What are taxable investment accounts?
No matter who you open an investment account with, most typically offer the regular taxable investment account. Unlike tax-deferred investment accounts, like traditional IRAs, 401ks, Roth IRAs, and etc., taxable investment accounts count as extra income every year when you sell for a gain or are paid dividends from your investments. This makes them noticeably less tax-efficient than tax-deferred accounts.
Advantages of using a taxable investment account!
There are, however, a few advantages to using a regular taxable investment account along with tax-deferred ones though. The first being that while you might have to pay some taxes on them, unlike the tax-deferred accounts like traditional 401ks/IRAs, you do not have to also pay an extra penalty fee for withdrawing the money before the minimum retirement age of 59 1/2. Another benefit from using taxable accounts is that you are not legally required to take a minimum amount out of them starting at 70 1/2 and with 401ks and IRAs you have to.
Strategies you can use to lower your taxable income when using a taxable investment account!
There are also some strategies you can use to minimize your tax burden. One is to invest in municipal bond funds. Municipal bond funds invest in many individual municipal bonds at once, similar to how ETFs invest in multiple single companies at once. The tax advantage of municipal bonds is that the dividends they pay are free from at least federal income taxes. If you invest with one from the state of your primary residence you also don’t need to pay state income tax on it.
There are also tax advantages for anyone who inherits the money in taxable accounts as well. This tax situation is called step-up in basis. As an example, an investor purchasing a share at $2 and leaving them to an heir when the shares are $15 means the shares receive a step-up in basis, making the cost basis for the shares the current market price of $15.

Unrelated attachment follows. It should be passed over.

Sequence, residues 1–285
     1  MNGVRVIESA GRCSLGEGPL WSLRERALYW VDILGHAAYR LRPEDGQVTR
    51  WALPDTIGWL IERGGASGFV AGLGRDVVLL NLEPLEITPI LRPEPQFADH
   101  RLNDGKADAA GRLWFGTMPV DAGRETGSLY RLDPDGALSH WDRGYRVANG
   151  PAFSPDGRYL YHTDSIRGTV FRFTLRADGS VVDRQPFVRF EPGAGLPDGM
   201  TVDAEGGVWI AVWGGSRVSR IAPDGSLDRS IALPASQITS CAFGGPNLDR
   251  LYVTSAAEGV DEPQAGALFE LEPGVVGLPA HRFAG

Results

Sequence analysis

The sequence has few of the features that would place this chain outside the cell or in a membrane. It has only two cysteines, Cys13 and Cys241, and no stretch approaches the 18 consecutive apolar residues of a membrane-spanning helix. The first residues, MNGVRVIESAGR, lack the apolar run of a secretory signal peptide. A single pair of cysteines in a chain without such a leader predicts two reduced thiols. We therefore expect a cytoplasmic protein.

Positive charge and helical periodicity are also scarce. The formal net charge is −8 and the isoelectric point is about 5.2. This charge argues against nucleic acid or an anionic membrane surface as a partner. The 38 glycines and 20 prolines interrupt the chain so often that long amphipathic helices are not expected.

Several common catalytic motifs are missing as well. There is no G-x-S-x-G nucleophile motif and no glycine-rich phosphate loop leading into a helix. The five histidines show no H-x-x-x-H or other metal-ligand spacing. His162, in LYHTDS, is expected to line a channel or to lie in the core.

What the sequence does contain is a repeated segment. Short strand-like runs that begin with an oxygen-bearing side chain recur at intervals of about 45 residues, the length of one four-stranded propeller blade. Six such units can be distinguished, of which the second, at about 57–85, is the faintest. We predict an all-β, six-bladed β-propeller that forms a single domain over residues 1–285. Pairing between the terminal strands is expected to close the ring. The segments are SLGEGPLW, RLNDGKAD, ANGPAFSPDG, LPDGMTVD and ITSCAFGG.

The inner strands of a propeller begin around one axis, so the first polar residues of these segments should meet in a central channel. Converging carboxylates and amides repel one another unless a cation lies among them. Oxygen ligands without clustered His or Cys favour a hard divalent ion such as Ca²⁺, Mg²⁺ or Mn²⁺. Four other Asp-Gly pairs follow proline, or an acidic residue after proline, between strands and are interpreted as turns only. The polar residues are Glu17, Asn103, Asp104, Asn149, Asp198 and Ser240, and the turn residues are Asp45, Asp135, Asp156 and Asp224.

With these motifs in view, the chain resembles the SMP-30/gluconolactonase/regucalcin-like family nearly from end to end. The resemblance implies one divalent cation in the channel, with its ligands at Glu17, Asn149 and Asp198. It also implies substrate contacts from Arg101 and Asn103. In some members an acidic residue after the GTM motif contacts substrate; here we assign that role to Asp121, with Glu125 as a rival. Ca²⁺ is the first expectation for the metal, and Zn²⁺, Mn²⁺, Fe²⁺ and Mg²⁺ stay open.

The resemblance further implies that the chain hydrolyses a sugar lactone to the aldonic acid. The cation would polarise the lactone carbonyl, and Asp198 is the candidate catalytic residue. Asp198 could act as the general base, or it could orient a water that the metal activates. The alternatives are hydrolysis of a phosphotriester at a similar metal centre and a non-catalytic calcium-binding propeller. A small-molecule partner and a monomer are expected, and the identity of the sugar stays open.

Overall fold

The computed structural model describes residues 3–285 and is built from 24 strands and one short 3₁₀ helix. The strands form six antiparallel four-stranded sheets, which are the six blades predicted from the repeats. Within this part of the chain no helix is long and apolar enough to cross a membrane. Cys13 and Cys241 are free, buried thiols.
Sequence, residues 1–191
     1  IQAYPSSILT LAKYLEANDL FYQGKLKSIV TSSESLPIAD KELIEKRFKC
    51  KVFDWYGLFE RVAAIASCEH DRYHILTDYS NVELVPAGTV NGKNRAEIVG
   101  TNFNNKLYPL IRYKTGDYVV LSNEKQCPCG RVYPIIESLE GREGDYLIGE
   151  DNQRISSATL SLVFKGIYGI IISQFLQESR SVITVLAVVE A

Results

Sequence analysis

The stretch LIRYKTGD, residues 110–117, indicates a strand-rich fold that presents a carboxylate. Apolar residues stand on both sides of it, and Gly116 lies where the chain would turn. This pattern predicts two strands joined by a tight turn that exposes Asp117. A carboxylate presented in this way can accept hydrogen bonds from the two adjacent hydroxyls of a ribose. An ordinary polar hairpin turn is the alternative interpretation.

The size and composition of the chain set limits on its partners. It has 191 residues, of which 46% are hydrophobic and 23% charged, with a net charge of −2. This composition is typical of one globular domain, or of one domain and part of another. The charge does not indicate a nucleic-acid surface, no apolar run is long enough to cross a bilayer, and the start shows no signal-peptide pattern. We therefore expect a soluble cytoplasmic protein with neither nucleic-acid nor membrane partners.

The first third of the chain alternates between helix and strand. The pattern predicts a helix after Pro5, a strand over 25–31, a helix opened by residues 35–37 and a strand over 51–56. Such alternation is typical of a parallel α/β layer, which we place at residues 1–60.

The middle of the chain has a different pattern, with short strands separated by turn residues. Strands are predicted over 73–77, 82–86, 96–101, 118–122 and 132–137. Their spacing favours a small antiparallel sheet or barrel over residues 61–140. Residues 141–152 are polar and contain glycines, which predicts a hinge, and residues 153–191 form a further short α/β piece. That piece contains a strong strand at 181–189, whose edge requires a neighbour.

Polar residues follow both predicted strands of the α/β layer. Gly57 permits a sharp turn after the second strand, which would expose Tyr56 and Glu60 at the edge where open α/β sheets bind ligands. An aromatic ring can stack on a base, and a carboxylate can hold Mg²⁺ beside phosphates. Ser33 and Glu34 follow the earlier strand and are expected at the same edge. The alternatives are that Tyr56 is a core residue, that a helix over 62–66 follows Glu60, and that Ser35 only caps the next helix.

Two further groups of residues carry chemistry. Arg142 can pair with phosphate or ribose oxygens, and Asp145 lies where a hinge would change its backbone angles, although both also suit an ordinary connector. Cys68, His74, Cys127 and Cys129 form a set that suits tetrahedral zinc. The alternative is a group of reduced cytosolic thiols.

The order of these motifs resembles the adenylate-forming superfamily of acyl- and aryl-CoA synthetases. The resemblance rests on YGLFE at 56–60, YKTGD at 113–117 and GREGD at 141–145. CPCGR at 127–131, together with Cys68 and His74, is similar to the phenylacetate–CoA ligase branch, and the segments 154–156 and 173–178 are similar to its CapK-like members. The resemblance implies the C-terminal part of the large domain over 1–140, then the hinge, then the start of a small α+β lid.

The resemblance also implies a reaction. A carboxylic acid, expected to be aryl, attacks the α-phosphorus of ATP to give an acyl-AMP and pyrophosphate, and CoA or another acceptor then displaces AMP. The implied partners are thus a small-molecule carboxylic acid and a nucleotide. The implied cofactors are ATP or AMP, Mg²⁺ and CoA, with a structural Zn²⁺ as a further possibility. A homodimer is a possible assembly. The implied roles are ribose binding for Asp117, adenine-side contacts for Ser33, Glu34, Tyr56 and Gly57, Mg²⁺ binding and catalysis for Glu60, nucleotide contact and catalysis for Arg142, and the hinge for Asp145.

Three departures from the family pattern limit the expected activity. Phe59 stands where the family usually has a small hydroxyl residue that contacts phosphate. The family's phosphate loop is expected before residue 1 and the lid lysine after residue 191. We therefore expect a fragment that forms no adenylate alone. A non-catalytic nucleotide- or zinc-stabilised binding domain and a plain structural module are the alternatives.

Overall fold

Any capital gains tax paid in the future will be based on the $15 cost basis, not on the original purchase price of $2. The shares appreciated 7.5 times in value before they were inherited, so after the inheritance, the total savings on capital gains tax would be reflected about that much in the amount of total taxes to be paid pre and post-inheritance. (Source: Nerdwallet.com). This is not an advantage shared by investments held in tax-deferred accounts.
One final strategy to make your taxable investment account more tax efficient is tax-loss harvesting. This is when you minimize your total taxable income by selling some of your investments for up to $3000 in losses for each year. You can only go up to $3000 in one year, but any extra losses on your investments can be carried over to minimize the next year’s total taxable income.
Disclaimer: I am not any sort of investment or financial professional giving any sort of legal advice. I’m just some guy trying to teach other people about how they might navigate the financial world.
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